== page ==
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Archive for the ‘Thailand’ Category

I was looking through some old photos from my semester in Chaiyaphum, and I came across one that just had to go up on the blog. And I realized that I have never properly addressed the subject of ladyboys.

The well-dressed individuals in this photo are ladyboys.

They may be dressed better than most of the girls in the auditorium that day, and they definitely have more makeup on, but they are boys. They are students from a high school a few blocks from the school I used to teach in, and they are two of the many ladyboys you are bound to run into if you ever visit Chaiyaphum, Thailand.

Ladyboys are men who dress like women. Some stick to basic make-up (like the gentlemen on the left in the blue shirt), and others go all-out with make-up, wigs, and party dresses (like our friends above). Still others have surgical procedures to make it official.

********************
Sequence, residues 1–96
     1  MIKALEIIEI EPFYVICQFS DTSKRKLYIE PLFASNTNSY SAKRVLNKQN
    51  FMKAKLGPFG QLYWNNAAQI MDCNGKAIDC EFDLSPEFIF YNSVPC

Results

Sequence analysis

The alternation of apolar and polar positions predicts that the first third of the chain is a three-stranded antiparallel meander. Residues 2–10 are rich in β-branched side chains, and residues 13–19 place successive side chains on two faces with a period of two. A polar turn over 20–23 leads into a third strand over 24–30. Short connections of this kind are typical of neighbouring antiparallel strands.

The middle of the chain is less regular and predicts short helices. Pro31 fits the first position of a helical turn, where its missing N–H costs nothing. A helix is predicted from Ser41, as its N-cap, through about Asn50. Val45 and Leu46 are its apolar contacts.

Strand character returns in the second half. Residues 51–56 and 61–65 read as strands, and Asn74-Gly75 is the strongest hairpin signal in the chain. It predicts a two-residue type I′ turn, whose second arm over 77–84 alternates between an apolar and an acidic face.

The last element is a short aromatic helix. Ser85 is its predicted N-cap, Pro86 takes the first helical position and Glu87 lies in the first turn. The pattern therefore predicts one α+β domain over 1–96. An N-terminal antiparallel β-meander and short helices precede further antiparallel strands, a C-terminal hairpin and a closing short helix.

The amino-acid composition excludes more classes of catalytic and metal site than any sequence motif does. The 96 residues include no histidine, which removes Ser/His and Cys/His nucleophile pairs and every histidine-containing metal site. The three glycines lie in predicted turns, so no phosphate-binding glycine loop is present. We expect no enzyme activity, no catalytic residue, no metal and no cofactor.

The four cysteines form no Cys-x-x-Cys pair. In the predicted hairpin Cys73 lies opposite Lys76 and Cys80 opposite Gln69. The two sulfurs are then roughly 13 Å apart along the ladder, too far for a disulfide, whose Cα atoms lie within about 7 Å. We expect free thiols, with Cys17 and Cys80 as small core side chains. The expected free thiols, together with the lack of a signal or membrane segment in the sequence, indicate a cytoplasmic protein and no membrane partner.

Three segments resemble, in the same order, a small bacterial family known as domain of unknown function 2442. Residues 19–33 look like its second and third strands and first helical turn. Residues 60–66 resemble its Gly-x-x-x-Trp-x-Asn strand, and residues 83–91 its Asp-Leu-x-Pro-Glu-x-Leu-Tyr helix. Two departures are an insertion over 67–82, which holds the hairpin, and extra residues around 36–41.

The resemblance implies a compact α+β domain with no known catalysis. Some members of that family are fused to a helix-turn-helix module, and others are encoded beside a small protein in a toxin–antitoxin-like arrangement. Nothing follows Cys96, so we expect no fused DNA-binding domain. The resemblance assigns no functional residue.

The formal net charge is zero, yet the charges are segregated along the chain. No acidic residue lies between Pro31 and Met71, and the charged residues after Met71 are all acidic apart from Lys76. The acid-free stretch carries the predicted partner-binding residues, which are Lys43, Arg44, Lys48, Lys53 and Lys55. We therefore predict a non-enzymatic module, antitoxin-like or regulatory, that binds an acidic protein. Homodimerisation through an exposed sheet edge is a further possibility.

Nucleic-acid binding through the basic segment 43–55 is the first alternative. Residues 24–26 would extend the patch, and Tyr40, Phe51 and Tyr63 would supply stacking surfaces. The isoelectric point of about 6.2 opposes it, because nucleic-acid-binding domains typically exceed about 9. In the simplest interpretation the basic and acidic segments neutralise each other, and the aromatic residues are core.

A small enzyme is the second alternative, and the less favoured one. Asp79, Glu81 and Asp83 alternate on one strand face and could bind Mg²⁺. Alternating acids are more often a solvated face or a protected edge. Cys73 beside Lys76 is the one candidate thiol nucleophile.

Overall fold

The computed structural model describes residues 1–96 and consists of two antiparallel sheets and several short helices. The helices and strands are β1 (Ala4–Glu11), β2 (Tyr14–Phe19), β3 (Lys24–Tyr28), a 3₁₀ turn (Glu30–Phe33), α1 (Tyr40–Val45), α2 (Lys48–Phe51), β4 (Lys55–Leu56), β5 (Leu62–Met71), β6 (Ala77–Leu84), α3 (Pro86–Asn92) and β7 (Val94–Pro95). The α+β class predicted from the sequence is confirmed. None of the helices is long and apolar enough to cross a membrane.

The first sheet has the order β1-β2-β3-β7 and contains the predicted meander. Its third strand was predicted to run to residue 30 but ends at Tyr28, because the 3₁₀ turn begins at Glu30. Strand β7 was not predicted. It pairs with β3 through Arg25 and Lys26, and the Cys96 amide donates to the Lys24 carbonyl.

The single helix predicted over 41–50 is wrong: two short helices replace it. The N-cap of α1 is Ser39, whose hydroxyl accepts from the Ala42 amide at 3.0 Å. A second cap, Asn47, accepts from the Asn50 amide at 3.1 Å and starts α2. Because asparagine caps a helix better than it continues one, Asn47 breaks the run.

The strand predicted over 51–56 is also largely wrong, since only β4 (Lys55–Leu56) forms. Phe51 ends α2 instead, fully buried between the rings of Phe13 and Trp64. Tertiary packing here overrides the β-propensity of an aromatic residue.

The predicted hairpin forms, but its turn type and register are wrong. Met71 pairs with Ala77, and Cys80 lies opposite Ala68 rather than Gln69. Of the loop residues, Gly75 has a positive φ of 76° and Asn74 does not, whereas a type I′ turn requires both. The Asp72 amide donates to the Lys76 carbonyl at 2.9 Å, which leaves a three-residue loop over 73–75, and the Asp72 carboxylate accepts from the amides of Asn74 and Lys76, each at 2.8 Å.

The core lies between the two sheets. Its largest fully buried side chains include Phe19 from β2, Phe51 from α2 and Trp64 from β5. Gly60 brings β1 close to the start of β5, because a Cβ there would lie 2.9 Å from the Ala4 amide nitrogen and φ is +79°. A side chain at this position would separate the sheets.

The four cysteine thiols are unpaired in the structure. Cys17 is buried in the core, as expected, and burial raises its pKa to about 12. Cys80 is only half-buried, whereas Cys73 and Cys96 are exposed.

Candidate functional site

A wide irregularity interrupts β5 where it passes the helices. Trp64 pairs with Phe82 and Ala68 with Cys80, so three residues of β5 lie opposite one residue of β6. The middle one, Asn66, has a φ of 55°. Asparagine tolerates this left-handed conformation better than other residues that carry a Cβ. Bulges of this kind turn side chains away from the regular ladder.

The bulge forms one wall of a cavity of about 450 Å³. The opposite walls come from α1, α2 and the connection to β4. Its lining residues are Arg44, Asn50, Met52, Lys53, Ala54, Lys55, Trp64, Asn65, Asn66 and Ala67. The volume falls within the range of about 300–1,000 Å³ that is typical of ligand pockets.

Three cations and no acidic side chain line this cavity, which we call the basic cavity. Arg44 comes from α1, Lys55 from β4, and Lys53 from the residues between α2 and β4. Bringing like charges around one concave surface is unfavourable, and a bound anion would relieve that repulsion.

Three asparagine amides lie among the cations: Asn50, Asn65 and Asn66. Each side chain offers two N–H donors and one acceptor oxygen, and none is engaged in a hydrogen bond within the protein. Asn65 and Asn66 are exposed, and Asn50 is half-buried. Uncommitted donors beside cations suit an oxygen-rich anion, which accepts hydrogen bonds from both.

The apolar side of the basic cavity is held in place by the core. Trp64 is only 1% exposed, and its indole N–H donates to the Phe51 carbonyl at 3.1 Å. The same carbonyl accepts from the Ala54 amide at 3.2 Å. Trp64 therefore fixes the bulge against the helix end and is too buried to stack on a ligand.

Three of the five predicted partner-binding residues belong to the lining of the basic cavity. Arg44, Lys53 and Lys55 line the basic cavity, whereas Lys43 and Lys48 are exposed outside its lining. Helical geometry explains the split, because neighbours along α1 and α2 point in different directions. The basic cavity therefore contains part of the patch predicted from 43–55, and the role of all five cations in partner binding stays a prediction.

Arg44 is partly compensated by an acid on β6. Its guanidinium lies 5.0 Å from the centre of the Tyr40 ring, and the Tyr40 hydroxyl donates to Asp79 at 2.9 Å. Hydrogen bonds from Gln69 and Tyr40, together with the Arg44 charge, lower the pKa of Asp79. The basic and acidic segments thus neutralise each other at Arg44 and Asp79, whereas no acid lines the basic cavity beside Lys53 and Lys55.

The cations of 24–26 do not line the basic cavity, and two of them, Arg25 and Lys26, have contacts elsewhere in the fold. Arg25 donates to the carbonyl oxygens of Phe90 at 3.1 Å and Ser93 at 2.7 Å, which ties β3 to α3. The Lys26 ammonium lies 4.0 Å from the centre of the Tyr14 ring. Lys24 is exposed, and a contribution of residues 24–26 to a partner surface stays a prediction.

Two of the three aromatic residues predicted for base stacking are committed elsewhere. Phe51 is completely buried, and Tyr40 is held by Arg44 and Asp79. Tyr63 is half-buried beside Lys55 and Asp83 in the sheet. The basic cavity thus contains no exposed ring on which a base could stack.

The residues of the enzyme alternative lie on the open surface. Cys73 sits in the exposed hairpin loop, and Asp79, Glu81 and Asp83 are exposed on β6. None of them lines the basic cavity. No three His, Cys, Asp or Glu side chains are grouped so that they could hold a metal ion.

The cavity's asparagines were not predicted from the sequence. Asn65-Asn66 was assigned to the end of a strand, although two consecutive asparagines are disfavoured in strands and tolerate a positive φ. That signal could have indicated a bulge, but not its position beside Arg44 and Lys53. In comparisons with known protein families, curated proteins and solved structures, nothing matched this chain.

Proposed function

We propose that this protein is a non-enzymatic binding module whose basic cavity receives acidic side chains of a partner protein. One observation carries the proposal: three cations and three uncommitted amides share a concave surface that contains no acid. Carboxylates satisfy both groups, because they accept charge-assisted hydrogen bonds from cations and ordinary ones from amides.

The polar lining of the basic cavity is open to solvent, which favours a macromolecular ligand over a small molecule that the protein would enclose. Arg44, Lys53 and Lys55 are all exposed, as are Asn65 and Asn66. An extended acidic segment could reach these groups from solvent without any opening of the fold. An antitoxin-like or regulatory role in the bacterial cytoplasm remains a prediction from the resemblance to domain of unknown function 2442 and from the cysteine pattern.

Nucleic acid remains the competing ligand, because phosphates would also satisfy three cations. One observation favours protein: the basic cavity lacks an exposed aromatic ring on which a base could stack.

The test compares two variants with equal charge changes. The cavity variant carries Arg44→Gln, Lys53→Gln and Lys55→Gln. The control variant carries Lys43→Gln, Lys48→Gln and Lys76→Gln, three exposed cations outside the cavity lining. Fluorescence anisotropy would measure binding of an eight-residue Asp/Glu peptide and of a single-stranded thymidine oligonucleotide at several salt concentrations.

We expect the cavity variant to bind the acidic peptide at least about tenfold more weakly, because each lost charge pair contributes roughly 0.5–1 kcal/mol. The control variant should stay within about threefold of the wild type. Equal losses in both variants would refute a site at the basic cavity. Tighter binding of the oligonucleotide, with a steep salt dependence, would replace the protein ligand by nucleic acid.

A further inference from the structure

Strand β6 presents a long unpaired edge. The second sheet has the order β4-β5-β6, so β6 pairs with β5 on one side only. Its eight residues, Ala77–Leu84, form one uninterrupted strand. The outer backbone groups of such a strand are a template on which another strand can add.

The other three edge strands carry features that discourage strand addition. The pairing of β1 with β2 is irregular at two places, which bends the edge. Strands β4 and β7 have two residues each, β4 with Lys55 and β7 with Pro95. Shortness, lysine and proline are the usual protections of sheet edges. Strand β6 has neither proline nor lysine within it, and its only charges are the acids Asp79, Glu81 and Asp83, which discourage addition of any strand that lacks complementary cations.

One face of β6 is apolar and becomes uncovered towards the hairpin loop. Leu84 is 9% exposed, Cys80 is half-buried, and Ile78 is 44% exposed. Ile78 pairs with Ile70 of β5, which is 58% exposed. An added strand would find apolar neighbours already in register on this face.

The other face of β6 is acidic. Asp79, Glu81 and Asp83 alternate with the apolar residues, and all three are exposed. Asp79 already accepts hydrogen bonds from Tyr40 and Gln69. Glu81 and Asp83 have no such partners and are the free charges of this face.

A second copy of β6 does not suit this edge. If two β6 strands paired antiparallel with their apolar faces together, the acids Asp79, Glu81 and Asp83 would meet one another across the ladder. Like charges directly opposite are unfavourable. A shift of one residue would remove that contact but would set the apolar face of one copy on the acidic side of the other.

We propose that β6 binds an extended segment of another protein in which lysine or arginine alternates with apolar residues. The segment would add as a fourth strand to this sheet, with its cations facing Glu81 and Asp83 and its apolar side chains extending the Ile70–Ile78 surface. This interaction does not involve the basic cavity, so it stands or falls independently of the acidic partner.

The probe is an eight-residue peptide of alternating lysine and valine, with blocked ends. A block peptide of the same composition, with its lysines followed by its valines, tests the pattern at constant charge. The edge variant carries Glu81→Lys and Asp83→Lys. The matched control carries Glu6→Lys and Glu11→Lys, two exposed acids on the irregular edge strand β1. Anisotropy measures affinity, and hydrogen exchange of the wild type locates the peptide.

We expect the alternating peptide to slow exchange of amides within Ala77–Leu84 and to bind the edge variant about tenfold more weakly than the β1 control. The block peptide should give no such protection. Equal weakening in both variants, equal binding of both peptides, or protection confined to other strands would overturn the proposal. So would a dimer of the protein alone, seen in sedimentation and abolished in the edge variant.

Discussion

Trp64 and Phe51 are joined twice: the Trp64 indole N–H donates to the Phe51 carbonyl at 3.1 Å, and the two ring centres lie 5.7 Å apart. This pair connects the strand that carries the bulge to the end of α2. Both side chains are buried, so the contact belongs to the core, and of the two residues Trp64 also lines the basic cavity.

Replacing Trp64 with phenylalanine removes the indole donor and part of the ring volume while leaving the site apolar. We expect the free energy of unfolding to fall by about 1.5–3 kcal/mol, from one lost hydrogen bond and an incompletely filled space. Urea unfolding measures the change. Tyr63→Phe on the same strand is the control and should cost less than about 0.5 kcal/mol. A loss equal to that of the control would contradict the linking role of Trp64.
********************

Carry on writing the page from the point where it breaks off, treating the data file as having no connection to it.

It’s not unlike the transgender community in America, really. The difference is, in Thailand, it’s really not that uncommon for a boy to decide to be a ladyboy.

Every school has at least a few, including the primary schools. I may have been the only teacher in Chaiyaphum without a ladyboy in my class, which probably had something to do with the fact that all of my students were girls.

There are enough ladyboys in the schools of Thailand that English teachers have developed classroom strategies based on their ladyboy students. At our week-long training session in Bangkok before my fellow TEFLers and I were dispatched to schools in various corners of Thailand, someone from the human resources department of our new employer, the Media Kids placement agency, gave us a surprisingly useful piece of advice.

“Use your ladyboys,” she said.

She then went on to explain why ladyboys tend to be an English teacher’s favorite students.